The estimates do not include indirect expenditure, such as the cost of lost wages for people accessing health services.
The AIHW’s Health Expenditure Database is highly relevant for monitoring trends in health expenditure, including international comparisons. Policymakers, researchers, government and non-government organisations, and the public use these data for many purposes.
Comparisons with gross domestic product (GDP) enable consideration of the size of the health sector relative to the broader economy, and per person expenditure provides an indication of changes in expenditure in relation to the population.
The relative contribution of the Australian Government and state and territory governments is relevant to health policy, planning and administration. Similarly, non-government sector expenditure, including the out-of-pocket expenses of individuals, is also relevant to various health policy issues such as those related to access and provision of services.
The estimates enable state and territory governments to monitor the impact of their policy initiatives on their overall expenditure on health goods and services.
The AIHW does not separately collect health expenditure information from local government authorities.
The most recent reference period of these data is the 2018−19 financial year.
Data are presented at the national and state and territory levels.
The data are analysed and categorised in terms of the AIHW’s classification of area of expenditure and source of funds as well as the OECD’s System of Health Accounts.
Potential sources of error
In some cases, public hospitals receive fees from medical practitioners in return for the right to practice privately
within the hospital. The medical practitioner may then receive payment from the Medicare Benefits Schedule (MBS), individuals and/or private health insurance funds for these services. The expenditure from these sources is captured in the expenditure data, but the fees received by the hospital are not always captured as revenue in the hospitals data. This can effectively lead to a double counting of expenditure on the same service. For example, it may appear as though the hospital paid for a portion of the service as well as the MBS.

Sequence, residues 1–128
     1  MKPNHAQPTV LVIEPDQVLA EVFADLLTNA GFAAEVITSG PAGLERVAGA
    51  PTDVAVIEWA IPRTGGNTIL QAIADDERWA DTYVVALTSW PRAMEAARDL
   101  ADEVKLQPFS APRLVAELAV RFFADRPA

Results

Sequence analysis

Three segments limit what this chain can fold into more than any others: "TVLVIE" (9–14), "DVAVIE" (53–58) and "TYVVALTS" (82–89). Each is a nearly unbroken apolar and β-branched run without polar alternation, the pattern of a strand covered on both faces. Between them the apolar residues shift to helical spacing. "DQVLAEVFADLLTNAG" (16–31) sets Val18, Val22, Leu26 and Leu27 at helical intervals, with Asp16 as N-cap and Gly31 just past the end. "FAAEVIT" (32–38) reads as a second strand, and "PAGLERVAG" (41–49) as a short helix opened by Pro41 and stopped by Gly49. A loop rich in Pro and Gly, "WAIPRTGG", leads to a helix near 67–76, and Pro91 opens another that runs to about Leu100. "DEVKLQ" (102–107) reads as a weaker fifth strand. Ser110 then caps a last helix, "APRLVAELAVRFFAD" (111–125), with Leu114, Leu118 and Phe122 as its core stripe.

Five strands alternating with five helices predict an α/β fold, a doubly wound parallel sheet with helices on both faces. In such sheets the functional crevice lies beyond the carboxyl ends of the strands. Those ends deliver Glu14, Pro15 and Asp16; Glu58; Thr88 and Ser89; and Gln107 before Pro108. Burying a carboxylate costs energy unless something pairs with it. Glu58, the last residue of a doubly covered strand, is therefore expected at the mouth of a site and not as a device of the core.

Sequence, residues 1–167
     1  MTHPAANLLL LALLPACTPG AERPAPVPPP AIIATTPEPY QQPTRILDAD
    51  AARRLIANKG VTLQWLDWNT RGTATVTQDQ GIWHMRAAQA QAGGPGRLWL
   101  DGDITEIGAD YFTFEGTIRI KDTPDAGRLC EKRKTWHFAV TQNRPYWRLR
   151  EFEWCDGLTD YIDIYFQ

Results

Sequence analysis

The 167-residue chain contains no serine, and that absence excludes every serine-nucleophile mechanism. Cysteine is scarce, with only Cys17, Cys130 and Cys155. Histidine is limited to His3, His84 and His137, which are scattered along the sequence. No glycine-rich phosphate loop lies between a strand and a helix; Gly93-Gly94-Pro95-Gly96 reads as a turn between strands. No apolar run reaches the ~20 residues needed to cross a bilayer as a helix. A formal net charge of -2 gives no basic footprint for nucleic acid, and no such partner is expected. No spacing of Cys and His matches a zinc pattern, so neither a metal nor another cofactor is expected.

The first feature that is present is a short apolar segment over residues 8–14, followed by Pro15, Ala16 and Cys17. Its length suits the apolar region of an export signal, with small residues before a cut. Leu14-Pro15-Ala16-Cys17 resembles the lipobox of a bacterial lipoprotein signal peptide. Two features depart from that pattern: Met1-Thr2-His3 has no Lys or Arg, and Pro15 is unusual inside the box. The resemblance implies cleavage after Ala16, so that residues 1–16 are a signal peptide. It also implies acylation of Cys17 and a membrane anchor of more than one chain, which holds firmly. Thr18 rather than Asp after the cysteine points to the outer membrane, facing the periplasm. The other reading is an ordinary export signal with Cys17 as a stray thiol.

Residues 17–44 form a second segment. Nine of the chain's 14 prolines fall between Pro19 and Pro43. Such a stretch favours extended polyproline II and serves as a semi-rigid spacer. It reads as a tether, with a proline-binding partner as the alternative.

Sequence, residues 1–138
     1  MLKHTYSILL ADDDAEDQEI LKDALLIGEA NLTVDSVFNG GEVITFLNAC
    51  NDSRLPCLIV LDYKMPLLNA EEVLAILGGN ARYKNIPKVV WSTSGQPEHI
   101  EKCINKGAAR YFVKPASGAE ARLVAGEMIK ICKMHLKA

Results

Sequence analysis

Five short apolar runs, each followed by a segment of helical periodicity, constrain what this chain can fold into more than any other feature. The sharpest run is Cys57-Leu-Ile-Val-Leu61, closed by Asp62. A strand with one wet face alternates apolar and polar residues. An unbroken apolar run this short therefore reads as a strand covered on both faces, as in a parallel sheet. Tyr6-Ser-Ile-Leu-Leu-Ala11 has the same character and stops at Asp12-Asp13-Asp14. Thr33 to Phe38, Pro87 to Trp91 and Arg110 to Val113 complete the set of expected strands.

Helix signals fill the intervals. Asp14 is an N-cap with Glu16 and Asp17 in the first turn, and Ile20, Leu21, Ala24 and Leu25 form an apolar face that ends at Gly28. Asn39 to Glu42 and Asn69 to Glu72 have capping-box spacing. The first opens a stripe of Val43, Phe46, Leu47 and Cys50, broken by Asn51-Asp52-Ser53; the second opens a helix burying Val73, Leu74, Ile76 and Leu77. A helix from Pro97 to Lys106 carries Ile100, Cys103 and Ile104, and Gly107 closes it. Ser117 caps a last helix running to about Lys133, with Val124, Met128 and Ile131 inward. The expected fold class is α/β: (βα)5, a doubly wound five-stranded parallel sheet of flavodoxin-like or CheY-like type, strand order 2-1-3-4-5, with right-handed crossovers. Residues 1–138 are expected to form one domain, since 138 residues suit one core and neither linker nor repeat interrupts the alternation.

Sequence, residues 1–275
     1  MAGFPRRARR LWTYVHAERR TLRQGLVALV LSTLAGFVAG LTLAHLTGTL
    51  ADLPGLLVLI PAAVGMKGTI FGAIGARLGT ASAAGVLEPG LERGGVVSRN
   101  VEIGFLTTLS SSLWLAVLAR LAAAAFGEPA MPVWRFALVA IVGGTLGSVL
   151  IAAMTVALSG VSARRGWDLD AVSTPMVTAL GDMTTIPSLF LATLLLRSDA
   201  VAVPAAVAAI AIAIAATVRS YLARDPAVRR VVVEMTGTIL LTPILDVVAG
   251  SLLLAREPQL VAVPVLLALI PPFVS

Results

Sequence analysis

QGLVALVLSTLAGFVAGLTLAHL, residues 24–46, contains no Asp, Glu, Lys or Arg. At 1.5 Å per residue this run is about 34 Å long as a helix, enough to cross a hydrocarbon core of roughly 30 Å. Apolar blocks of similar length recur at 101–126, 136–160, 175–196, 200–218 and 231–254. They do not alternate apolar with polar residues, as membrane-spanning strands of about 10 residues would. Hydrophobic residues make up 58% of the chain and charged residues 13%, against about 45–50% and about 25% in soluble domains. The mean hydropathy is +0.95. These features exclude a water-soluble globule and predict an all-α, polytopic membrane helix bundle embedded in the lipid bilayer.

The AIHW does not separately collect health expenditure information from local government authorities. If a local government authority received funding for health care from the Australian Government or state and territory government, it appears as expenditure by that respective body.
The data, to the greatest extent possible, are produced on an accrual basis; that is, expenditures and funding reported for each area relate to expenses and revenues incurred in the year in which they are reported. This is not always achievable. For example, the data from private health insurance funds are sometimes provided on the basis of the date when the claims for benefit are processed, which is not necessarily the same as the date when the services were provided.
Data provided by state and territory health agencies are validated by the agency to ensure they have been collected accurately. State and territory health agencies are also provided with an opportunity to review the final data for their jurisdiction before public release.
The ANHA aims to support a long-term, whole-of-system understanding of health spending nationally and over time. This system is unique in Australia and it varies from other health system reporting in scope, degree of stability over time and classification systems used. Other systems tend to focus on specific funding programs, jurisdictions or time periods.
The long-term holistic approach requires developing methods to appropriately allocate spending figures from multiple and often overlapping data sources. These sources change over time to the relatively stable ‘area’ and ‘source’ categories used in the ANHA. In doing so, care is taken to avoid the risk of misallocation, unnecessary breaks in the time series, missed data and double counting.
The methods used in the ANHA are overseen by the Health Expenditure Advisory Committee (HEAC). The HEAC includes subject matter experts and representatives from the Australian Government and all state and territory
governments. The AIHW has worked with the HEAC over many years to develop approaches to maximise the completeness and accuracy of the estimates over time and minimise the risk of double counting. For example, when estimating total spending on hospital services in a year, the funds the Australian Government gives to states and territories is subtracted from the hospital spending reported by the states and territories to derive the amount that the states and territories spent from their own resources.
This holistic approach, unique classification system and methods developed mean the figures reported here often vary from other data sources, particularly where other reporting tends to focus on specific funding programs, institutions, funders or purposes. For example, program-specific reporting such as for the Medicare Benefits Scheme, government budget papers or health department annual reports vary from the figures here due to differing classifications, scopes and methods used to account for double counting.